Why Google Translate for iPhone?


When Google introduced its new version of Google Translate app for the iPhone, a few commenters were surprised and annoyed.

"Why are you going to support iPhone? Apple also does not support Google. Please.. stop that," wrote AndroidChomeOS on the Google Mobile Blog.

"The fact that it’s developing apps for its rival's app store is interesting given its very public position that the Web is a superior experience to app stores," wrote the Wall Street Journal Digits blog.

So why is Google serving its rival with sweet free apps? Perhaps because it still wants to stay relevant in the mobile market. Or probably more likely, Google sees that its free apps and goodies keep users, even ones using the Apple iOS, still coming to its search engine and tools. Those eyeballs mean higher online ad revenue and continued market dominance.

However, Google did manage to serve its Android constituents first. Google Translate was released on the Android platform last month. The iPhone app is similar:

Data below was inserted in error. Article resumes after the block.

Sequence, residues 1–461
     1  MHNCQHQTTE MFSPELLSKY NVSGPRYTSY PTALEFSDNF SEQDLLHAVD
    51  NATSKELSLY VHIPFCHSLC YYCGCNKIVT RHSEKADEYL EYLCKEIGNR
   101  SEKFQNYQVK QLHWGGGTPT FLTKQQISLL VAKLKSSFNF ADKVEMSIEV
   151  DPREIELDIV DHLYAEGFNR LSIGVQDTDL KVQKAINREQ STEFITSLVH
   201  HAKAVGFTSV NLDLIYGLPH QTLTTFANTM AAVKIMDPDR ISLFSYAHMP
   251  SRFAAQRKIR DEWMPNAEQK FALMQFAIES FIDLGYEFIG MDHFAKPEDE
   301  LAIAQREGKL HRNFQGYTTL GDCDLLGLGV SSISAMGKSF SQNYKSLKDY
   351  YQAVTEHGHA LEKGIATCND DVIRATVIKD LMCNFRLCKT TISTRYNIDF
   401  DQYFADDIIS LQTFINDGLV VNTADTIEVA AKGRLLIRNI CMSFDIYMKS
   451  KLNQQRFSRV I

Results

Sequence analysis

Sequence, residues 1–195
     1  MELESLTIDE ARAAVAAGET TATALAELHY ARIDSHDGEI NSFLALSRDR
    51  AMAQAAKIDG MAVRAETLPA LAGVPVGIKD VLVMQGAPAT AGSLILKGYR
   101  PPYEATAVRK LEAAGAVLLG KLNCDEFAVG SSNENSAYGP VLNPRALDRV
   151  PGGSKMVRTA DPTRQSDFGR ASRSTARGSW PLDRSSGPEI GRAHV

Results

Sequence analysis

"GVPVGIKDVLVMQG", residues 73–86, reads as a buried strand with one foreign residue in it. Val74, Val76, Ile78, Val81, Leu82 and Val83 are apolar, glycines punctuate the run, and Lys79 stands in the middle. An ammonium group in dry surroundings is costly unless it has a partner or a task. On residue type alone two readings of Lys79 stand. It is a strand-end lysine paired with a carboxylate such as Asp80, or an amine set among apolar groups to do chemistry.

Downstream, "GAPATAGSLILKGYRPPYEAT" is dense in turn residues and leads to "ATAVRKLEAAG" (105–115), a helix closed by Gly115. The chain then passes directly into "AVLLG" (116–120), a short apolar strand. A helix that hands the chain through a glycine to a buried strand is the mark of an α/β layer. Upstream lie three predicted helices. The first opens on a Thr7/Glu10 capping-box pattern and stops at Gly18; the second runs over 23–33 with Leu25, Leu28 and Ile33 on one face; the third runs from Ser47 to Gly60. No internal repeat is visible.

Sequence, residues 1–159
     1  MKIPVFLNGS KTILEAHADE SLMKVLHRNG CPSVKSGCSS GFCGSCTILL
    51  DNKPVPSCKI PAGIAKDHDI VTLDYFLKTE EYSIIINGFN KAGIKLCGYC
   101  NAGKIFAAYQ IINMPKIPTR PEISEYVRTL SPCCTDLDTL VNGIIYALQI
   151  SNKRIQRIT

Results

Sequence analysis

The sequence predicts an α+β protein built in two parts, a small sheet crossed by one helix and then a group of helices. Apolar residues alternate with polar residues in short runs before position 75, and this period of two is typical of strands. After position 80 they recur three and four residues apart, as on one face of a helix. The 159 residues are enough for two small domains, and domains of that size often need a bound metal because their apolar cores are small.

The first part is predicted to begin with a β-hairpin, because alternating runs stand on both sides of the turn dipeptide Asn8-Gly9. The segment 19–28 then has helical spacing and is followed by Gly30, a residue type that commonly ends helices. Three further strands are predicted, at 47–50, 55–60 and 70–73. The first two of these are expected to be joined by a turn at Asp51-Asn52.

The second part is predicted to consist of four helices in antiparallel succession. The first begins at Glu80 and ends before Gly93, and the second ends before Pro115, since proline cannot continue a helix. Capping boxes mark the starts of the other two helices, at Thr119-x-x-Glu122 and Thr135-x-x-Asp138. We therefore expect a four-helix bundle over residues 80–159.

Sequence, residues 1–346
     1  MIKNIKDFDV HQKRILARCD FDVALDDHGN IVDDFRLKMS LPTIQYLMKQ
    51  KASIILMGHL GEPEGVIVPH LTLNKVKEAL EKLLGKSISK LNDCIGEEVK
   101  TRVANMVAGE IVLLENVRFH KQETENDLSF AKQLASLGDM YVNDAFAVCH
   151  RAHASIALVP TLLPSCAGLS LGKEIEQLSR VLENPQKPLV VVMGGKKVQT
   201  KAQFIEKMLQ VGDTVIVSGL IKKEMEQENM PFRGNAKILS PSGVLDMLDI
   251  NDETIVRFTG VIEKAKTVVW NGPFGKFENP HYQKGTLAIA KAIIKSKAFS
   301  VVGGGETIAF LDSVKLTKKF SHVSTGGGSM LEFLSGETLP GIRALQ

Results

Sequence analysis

The new app accepts voice input for 15 languages, and—just like the web app—you can translate a word or phrase into one of more than 50 languages. For voice input, just press the microphone icon next to the text box and say what you want to translate. . .  .You can also listen to your translations spoken out loud in one of 23 different languages.

But Google did hold something back from the iOS, its experimental conversation mode. The beta mode allows people to attempt to converse with each other with a handheld as translator -- but for now it's only available in English and Spanish. 

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